Speaking of gardens, head outside once you’ve finished your meal to explore a beautiful arrangement of Los Angeles plant life in the museum’s exquisite new outdoor environs and enjoy elements such as a hummingbird feeder and an Edible Garden that features fruits and veggies.
7. Dinosaur Hall
The Dinosaur Hall is a huge deal at the Natural History Museum—literally. The exhibit is now twice the size it was before the completion of it’s renovation in July 2010, and features ancient giants like 34-foot long Thomas the T. rex. Dinosaur Hall is also home to the world’s only fossil of a pregnant plesiosaur. Plesiosaurs ruled the oceans during the time of the dinosaurs and although they were not technically dinosaurs, they were an important part of the environment at that time. To help your kids really understand the size of these creatures, take them to the second floor of the exhibit where they can compare their own footprint to that of a dinosaur. You can find Dinosaur Hall by leaving the Nature Lab and walking through the Nature Gardens.
8. Discovery Center and Insect Zoo
Head up to the second floor and be welcomed into the interactive Discover Center by a polar bear (hint for parents: this is a great photo opp). Here, kids can learn all kinds of things about a variety of animals, such as sounds made by different frogs and how the skeleton of a saber-toothed cat is assembled. In Insect Zoo, the topics covered will be narrowed down to—you guessed it—insects! This is a great place for younger kids to spend a good hour.
9. Museum Store
A memento from your child’s favorite exhibit will almost certainly be available for purchase at the museum’s well-stocked gift shop. Whether it be a book on creating origami butterflies, an ant farm, or dinosaur print pajamas, the store really does have something for everyone. You’ll find the store by walking straight back from the main entrance, past two large dinosaur skeletons.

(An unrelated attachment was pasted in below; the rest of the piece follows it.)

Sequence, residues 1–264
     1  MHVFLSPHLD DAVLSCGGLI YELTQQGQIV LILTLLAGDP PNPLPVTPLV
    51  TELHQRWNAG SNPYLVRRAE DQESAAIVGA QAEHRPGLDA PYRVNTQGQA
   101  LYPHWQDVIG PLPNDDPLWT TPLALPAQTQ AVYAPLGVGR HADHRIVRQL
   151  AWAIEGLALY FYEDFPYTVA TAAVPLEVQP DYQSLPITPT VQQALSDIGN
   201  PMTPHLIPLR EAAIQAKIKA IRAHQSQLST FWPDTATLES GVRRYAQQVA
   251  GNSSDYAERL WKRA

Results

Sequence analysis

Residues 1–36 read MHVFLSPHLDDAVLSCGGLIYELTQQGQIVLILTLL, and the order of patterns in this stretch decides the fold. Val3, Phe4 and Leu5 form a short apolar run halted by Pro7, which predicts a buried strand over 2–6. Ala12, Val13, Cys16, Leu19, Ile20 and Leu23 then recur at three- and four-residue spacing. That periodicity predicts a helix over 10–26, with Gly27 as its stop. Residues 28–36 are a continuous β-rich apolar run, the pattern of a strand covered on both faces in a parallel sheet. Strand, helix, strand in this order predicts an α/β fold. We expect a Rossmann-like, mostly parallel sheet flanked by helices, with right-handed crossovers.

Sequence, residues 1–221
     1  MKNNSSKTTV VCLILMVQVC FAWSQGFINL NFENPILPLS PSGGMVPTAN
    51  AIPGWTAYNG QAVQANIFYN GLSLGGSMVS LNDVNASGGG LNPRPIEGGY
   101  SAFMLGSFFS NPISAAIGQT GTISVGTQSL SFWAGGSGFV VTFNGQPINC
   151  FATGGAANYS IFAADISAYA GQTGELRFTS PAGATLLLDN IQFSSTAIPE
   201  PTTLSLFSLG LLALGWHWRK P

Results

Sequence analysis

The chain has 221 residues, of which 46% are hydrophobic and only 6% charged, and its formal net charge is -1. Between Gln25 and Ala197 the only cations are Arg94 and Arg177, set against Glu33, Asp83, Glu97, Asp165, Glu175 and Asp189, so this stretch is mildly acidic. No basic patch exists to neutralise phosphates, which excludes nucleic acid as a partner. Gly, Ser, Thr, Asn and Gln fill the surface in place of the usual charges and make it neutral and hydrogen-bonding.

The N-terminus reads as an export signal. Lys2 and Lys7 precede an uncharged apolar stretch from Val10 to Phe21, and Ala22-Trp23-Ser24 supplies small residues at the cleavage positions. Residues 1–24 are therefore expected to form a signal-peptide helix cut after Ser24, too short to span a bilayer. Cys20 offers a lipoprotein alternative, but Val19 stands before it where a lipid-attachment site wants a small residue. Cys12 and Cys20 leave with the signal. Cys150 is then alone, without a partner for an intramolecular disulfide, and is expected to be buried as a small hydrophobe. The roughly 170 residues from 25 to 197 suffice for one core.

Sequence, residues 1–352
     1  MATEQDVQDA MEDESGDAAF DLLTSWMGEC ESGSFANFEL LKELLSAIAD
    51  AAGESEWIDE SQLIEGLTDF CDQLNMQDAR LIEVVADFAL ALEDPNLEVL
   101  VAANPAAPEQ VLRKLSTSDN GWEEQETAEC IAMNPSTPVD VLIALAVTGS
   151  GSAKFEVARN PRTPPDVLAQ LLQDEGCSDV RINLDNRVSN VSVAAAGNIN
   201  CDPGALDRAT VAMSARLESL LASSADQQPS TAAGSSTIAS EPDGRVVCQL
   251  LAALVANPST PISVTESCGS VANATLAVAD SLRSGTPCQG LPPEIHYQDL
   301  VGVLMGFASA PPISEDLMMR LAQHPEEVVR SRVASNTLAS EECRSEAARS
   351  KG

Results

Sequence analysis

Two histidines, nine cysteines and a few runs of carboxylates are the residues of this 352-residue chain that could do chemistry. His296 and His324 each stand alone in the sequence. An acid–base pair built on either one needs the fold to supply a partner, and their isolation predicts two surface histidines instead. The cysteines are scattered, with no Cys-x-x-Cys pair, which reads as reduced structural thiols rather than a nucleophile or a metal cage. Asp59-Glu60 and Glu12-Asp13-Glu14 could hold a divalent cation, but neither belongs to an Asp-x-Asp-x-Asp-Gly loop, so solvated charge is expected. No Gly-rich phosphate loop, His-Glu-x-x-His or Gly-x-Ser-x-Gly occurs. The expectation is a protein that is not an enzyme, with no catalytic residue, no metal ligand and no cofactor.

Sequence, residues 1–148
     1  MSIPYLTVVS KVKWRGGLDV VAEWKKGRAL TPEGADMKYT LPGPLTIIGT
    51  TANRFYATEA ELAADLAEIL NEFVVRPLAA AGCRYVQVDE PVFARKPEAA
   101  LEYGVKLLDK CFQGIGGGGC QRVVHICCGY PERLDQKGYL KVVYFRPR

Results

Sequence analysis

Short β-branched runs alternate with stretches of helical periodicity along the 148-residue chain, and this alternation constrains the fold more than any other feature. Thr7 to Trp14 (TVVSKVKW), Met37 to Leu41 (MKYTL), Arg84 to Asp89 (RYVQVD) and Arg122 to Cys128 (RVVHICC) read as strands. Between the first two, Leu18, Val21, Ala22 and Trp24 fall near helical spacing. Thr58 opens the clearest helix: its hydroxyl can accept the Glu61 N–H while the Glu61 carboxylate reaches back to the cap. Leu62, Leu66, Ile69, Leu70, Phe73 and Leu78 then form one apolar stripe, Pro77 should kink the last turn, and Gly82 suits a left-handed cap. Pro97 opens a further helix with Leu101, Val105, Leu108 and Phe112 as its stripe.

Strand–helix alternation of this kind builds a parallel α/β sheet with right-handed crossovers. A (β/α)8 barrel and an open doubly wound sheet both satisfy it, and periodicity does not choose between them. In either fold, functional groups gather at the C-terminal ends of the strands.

10. Butterfly Pavilion
Just outside the main entrance to the museum is a magical place where kids can literally frolic among butterflies. Although there is an additional fee to enter, you and your family won’t regret experiencing this seasonal favorite. Watch and enjoy as butterflies mingle with each other and interact with the surrounding plant life. Keep in mind this is a seasonal feature, so go here for dates and hours
You’ll notice during your trip that quite a few signs describe the perks of a museum membership. For very reasonable prices, you and your family will have unlimited free admission to the Natural History Museum, the Page Museum and the La Brea Tar Pits, and the William S. Hartman Museum. More benefits include discounts at the Museum Store, free tickets to the Butterfly Pavilion and Spider Pavilion, and priority tickets to various programs. If you love the museum and your kids are likely to return again, we highly recommend becoming a member. And as mentioned, be sure to check out fun family activities like First Fridays, Dinosaur Encounters, Nature Walks, Behind-the-Scenes Tours, Critter Club, and more!
Past articles about the Natural History Museum